2014 Season Preview: St. Louis Cardinals

Scott Rovak-USA TODAY Sports

Last season, the Cardinals once again were successful, winding up in their fourth World Series in the last ten years. Since the Cardinals seem incapable of having an outright bad year, just how good can they be in 2014?

Additions

David Aardsma, Peter Bourjos, Aledyms Diaz, Randal Grichuk, Mark Ellis, Jhonny Peralta

Subtractions

John Axford, Carlos Beltran, Chris Carpenter, Adron Chambers, David Freese, Rafael Furcal, Edward Mujica, Fernando Salas, Jake Westbrook

Injuries

Jamie Garcia - shoulder discomfort

Jason Motte - Tommy John surgery, expected to return in mid-April

Players to Watch

Kolten Wong

This year, the Cardinals are playing a game of Guess Who, re-arranging their depth chart to fit in the most useful pieces. With Peter Bourjos in center, the injury prone Allen Craig moves to right field to give the husky hero Matt Adams first base. And after leading the league in hits, runs, and doubles, Matt Carpenter (fresh from a six-year contract extension) returns to his original position of third base so Kolten Wong can start at second.

But Wong, after hitting .303/.369/.466 in AAA last year, struggled when called to the majors last year, hitting .153/.194/.169 in extremely limited time. But Wong, known for impressive baseball instincts and a high floor if not All-Star ability (which is what every Cardinals player seemingly possesses before blossoming into a star), has blistered the ball to the tune of a 1.125 OPS in spring training and been named the starting second baseman.

The defensively sublime Mark Ellis will be around if anything goes wrong, but if Wong hits as expected this year, you will be hard pressed to find a flaw in the Cardinals starting lineup.

Jhonny Peralta

After watching Pete Kozma struggle so mightily with the bat that it didn't matter what he did with the glove (.217/.275/.273 in 2013) and with Daniel Descalso being no one's idea of a first option, the Cardinals went out and addressed one of their few issues of need, signing Jhonny Peralta to a four year, $53 million contract.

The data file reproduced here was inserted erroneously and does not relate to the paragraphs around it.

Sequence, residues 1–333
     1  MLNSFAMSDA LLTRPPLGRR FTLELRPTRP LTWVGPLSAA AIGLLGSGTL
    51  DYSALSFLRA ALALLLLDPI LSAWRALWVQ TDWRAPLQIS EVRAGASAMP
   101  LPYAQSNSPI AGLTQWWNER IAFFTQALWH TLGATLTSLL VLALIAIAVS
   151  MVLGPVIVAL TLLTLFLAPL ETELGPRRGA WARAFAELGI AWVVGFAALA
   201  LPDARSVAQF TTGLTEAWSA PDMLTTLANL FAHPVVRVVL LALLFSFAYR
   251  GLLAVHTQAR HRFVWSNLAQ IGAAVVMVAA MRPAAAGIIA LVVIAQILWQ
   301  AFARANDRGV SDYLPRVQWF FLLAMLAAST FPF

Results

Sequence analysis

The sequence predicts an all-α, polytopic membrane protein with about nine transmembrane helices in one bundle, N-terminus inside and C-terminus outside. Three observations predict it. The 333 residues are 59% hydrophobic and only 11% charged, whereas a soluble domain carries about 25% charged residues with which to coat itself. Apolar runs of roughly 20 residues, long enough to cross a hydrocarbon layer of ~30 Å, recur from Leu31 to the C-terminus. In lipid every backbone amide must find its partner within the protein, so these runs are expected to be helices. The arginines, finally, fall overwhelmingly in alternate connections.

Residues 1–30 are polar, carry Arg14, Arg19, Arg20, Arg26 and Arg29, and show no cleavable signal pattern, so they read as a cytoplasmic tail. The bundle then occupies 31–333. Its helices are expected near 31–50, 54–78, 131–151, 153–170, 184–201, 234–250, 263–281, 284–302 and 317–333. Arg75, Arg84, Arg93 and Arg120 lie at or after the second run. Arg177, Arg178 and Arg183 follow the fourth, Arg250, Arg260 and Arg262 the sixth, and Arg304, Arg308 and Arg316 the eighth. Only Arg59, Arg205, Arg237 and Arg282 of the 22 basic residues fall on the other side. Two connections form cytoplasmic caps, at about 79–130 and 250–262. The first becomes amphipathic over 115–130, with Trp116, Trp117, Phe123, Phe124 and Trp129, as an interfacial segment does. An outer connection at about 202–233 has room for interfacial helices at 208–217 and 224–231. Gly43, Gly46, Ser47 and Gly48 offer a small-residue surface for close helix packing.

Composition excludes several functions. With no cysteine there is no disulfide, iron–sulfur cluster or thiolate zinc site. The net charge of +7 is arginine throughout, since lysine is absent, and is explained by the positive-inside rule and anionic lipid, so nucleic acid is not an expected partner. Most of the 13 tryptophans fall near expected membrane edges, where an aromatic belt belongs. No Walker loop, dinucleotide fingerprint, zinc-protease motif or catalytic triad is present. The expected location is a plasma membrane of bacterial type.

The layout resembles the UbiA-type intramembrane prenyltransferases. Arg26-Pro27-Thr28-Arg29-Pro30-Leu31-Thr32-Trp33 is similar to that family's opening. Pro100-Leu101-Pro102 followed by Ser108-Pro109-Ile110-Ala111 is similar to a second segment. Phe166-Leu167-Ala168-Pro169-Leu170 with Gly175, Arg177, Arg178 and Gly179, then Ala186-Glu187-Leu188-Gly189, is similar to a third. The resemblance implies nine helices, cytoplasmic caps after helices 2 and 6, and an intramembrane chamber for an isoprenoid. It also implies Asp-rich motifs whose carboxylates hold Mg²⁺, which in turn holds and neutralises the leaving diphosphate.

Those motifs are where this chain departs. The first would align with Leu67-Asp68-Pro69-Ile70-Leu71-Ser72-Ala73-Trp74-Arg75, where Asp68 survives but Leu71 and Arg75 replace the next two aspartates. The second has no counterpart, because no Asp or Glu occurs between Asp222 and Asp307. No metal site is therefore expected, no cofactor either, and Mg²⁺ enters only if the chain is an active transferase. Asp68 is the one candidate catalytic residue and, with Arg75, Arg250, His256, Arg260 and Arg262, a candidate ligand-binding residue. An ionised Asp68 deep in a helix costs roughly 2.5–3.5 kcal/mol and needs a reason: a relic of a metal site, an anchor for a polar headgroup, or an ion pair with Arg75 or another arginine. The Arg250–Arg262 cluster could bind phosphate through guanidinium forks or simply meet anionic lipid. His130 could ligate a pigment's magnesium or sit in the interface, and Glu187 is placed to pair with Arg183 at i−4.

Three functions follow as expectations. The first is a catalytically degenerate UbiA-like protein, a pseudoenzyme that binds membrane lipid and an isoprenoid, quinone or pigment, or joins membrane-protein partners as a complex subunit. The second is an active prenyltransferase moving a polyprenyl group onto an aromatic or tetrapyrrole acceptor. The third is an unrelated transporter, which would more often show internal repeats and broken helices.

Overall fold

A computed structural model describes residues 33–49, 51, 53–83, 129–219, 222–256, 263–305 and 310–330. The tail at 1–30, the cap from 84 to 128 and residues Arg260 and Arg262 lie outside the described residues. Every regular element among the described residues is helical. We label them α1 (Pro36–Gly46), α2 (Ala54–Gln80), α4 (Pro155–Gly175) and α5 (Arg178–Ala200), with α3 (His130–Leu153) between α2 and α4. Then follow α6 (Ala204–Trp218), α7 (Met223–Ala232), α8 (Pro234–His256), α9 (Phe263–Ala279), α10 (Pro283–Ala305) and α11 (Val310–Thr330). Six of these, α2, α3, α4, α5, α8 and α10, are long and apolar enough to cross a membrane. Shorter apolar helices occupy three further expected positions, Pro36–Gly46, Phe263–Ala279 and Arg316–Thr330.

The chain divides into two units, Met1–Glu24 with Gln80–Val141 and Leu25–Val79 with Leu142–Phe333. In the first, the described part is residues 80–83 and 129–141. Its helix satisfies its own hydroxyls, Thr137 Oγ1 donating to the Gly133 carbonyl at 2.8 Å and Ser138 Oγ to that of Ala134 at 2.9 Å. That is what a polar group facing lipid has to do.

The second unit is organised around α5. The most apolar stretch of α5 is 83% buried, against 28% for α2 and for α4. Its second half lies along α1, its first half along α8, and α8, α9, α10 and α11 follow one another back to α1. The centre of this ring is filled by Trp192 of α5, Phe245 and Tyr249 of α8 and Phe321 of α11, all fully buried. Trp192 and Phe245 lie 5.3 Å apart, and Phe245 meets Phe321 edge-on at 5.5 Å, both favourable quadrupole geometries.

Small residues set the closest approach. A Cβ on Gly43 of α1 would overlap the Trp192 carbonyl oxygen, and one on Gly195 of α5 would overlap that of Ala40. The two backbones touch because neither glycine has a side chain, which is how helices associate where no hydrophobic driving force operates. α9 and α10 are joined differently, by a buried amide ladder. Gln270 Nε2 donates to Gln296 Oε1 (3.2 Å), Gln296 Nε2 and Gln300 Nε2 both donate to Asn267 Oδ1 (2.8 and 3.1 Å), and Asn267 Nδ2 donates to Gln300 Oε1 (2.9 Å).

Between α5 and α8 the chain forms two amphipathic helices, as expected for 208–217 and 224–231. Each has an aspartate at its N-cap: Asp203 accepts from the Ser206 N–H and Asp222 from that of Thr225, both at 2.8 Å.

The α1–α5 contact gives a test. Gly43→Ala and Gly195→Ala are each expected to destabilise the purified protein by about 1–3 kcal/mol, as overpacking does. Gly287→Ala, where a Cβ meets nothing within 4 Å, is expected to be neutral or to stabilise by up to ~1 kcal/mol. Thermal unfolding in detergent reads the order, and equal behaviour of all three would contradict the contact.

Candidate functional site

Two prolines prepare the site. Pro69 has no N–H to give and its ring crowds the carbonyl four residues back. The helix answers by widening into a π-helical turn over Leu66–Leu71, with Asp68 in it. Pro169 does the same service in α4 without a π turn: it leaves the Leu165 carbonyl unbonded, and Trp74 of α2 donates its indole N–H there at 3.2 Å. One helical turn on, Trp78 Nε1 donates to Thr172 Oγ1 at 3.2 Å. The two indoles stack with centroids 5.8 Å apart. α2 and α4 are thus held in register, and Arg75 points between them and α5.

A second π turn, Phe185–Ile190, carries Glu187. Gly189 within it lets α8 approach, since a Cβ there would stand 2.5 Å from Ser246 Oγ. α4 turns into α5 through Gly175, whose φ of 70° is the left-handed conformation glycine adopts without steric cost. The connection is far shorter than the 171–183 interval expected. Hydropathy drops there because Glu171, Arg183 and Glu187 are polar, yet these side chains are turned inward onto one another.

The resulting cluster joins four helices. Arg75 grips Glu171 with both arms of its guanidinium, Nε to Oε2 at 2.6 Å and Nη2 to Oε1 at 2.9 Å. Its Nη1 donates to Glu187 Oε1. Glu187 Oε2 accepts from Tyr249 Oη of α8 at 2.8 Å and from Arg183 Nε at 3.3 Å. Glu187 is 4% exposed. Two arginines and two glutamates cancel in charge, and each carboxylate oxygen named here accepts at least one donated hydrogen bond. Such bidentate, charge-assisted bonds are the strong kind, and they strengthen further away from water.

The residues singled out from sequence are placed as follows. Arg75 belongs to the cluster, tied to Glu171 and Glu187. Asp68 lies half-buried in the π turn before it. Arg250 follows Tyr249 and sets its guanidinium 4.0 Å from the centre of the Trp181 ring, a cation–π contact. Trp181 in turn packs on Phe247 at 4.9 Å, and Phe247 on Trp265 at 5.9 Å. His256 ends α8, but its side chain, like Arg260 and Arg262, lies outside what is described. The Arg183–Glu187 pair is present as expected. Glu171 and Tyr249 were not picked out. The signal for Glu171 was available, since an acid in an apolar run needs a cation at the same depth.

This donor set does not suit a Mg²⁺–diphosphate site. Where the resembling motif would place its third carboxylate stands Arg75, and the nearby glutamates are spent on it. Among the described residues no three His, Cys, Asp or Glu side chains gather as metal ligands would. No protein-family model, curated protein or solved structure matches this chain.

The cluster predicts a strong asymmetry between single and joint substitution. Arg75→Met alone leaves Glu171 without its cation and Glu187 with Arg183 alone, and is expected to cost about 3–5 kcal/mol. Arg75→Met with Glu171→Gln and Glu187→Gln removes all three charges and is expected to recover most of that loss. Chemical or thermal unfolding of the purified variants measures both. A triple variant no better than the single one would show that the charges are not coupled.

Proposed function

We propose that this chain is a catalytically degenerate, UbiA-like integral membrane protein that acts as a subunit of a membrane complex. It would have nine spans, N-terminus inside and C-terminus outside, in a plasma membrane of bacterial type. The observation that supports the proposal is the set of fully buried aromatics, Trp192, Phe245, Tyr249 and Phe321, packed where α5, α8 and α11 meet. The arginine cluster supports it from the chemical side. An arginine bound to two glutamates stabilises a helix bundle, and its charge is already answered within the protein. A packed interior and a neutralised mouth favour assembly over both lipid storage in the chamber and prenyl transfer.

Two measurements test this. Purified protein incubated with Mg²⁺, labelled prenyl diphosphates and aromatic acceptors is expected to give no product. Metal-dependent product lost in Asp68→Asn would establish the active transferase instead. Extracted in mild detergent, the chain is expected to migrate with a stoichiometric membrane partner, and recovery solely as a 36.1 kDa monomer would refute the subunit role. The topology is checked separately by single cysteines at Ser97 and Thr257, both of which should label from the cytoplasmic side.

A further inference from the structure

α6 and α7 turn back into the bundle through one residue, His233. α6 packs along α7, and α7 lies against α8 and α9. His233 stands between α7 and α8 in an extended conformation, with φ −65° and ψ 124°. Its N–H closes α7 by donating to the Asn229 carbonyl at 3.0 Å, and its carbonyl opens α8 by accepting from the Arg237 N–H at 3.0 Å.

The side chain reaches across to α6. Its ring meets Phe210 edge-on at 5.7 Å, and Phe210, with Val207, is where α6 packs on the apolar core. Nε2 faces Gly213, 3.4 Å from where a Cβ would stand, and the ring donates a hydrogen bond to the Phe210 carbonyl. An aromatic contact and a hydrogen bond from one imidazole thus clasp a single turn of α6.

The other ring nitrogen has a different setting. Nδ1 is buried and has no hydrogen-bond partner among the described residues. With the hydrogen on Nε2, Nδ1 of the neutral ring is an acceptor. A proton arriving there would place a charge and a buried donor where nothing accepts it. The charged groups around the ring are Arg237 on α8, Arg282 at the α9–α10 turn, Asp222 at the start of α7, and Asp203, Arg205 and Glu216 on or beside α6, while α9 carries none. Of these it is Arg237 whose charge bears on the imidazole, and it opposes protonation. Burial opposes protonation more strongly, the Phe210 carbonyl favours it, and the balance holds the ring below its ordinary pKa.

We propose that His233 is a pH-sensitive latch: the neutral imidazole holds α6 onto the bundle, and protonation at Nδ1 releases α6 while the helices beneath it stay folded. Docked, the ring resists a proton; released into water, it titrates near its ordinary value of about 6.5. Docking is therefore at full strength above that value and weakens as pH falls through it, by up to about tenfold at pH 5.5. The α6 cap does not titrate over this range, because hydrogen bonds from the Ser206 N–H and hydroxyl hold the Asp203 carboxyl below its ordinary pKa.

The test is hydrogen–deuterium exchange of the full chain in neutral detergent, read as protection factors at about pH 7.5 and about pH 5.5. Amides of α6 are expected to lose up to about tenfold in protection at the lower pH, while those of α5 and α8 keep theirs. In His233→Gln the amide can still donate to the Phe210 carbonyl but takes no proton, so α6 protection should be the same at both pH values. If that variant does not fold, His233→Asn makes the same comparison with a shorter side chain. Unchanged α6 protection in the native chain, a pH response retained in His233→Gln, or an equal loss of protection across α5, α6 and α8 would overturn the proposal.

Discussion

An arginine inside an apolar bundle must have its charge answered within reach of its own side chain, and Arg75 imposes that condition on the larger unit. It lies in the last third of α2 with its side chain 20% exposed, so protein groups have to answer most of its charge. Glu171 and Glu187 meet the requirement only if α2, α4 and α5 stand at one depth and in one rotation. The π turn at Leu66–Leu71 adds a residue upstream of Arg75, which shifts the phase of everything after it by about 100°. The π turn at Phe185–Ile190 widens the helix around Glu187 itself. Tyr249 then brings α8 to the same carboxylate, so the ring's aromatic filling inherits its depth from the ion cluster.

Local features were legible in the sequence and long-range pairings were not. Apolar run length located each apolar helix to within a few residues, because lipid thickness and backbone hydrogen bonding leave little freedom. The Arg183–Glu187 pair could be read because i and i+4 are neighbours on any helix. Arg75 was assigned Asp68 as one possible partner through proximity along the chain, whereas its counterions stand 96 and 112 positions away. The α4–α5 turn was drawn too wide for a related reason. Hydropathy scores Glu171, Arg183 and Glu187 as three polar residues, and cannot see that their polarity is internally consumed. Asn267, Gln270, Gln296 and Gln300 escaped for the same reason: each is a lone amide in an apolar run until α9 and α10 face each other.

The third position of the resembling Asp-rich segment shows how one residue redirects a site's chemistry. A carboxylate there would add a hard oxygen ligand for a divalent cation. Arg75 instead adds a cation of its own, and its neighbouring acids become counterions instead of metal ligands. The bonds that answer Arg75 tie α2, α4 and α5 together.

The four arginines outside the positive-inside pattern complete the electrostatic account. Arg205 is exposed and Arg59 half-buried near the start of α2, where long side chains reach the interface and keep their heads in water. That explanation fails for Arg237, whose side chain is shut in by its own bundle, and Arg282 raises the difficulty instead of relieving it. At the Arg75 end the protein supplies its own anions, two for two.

While that kind of money makes sense for a player coming off a year like Peralta's (.303/.358/.457), Peralta is not only going to be 32 this season, a time when many shortstops are being moved to corner positions, but Peralta is also coming off a 50 game suspension for PED use. Which complicates things a little.

The defensive metrics are also split, UZR generally viewing Peralta as an exceptional infielder while DRS views him as average to perhaps below. If Peralta can give the Cardinals anything that resembles his 2013 numbers, the Cardinals will happily take it.

Peter Bourjos

Acquired from the Los Angeles Angels in exchange for World Series hero David Freese, Peter Bourjos could be the steal of the offseason. The speedy center fielder is such a good defender that he was able to shift Mike Trout off the position to give you a taste of his abilities. And though he only topped 200 plate appearances in a season once (2011), that year Bourjos posted a .765 OPS along with 12 home runs, a league-leading 11 triples, stealing 22 bases along the way.

While Jon Jay was a fine player to stick in center, able to hold his own with the bat, Bourjos' vastly superior outfield defense should make him an immediate upgrade regardless of how much he hits. And with the aging Matt Holliday and Allen Craig in right field, the Cardinals will really be counting on Bourjos to catch roughly (does math on calculator) 78% of all fly balls.

Shelby Miller